And yet the suffering of exile, the life of Jacob, is not meant to be the permanent condition. Jacob is the most deprived of the forefathers, but he is also the path to Yisrael. The way to triumph.
Jacob allows men power over him because he believes it is G-d's will. He deals with matters indirectly, at the heel level, instead of at the thigh. Yisrael contends with men and even with angels because he believes that is G-d's will. He doesn't carry enduring grudges. Instead he does what is right. He can feel a momentary anger over an injustice without letting it consume him in pettiness.
This is what Yisrael is meant to be. It is his free name. It is the name of the end of exile.
The free Hebrew slaves could not yet become Yisrael. Instead they feared the Egyptians, the Amalekites, the Caananites and nearly everyone they came across more than G-d. It was only their descendants who could enter the land.
When G-d changes Avraham's name and Sarah's name, it is right before he promises him a true son. It is at this point that his name changes. G-d changes Yaakov's name to Yisrael before the birth of Binyamin, his final son. Yet Yaakov's name continues to be used. What's missing?
In his deathbed blessings, Yaakov concludes with a blessing for Binyamin. "Benjamin is a wolf that raveneth; in the morning he devoureth the prey, and at evening he divideth the spoil.'" The evening is often believed to refer to the End of Days.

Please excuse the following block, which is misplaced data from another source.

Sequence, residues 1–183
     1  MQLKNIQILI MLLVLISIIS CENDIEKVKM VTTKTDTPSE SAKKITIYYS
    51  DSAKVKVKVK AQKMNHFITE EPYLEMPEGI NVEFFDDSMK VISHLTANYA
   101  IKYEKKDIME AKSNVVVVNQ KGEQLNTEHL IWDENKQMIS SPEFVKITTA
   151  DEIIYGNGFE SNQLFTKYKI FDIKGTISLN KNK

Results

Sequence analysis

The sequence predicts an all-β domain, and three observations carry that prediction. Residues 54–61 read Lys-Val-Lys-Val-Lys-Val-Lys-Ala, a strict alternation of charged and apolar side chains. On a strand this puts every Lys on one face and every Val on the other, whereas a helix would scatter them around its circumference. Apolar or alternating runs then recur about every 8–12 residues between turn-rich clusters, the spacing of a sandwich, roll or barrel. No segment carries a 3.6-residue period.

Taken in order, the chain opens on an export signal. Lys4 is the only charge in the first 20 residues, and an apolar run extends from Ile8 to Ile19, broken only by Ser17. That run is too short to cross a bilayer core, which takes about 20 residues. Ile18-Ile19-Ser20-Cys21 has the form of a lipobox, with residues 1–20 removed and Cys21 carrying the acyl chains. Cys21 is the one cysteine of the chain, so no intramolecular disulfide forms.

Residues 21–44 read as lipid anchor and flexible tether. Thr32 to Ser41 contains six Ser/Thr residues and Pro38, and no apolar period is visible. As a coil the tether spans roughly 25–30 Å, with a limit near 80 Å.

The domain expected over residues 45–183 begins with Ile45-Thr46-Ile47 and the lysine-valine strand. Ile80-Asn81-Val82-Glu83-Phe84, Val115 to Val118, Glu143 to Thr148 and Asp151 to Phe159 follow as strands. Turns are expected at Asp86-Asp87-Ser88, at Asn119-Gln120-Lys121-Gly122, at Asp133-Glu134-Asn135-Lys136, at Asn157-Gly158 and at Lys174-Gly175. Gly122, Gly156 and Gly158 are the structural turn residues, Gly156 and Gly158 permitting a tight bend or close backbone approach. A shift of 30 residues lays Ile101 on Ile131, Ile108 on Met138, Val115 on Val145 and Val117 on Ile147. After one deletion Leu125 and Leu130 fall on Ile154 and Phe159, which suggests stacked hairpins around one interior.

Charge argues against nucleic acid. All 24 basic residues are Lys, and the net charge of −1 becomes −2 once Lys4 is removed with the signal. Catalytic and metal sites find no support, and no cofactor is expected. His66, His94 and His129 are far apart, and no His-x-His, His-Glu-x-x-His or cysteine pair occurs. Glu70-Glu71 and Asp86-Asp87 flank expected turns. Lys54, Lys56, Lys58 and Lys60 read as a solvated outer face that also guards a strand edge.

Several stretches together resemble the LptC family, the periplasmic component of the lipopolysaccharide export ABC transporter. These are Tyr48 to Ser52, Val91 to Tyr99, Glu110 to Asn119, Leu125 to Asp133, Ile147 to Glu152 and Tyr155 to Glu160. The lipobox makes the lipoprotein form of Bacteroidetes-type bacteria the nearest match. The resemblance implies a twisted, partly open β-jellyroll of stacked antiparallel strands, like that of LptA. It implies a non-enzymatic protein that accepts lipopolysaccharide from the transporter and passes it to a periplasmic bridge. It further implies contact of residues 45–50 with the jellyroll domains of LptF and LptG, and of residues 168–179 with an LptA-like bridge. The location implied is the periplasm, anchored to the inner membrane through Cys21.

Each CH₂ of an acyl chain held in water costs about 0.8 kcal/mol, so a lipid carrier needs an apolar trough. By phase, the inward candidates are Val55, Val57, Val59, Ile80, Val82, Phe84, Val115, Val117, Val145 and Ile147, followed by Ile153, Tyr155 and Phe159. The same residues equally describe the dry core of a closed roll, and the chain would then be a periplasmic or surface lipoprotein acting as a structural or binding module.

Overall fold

Previously, Yaakov is referred to as Yisrael in the blessing of Yosef's sons. In the climax of that blessing, he for the first time takes credit for the capture of Shechem.
"And Israel said unto Joseph: 'Behold, I die; but G-d will be with you, and bring you back unto the land of your fathers. Moreover I have given to thee one portion above thy brethren, which I took out of the hand of the Amorite with my sword and with my bow.'"
Yaakov disavowed it, but Israel takes credit for it in the context of the conquest of Israel. A project that will fall to his descendants.
After Binyamin's blessing, the twelve sons are referred to as "All these are the twelve tribes of Israel".
The final transformation of Yaakov into Yisrael is an ongoing project. It will be complete with the End of Days when the wrestling match with Esav's angel will resume and be won. When evil will be defeated forever.
In the meantime the Jews carry the attributes of both Yaakov and Yisrael. Often they revert instinctively to appeasement. Other times like Shimon and Levi they refuse to tolerate oppression and pick up their swords only to be shushed by their Yaakov-brethren who fear appearing "odious" to the world.
In the climax of Ovadiah's prophecy, "the house of Jacob shall be a fire, and the house of Joseph a flame, and the house of Esau for stubble". In its climax, "Saviors shall come up on mount Zion to judge the mount of Esau". A judge must act fairly. He does not carry out a grudge. Instead he does what is right. He carries out justice.
It is this justice that will be the expression of Yisrael triumphant.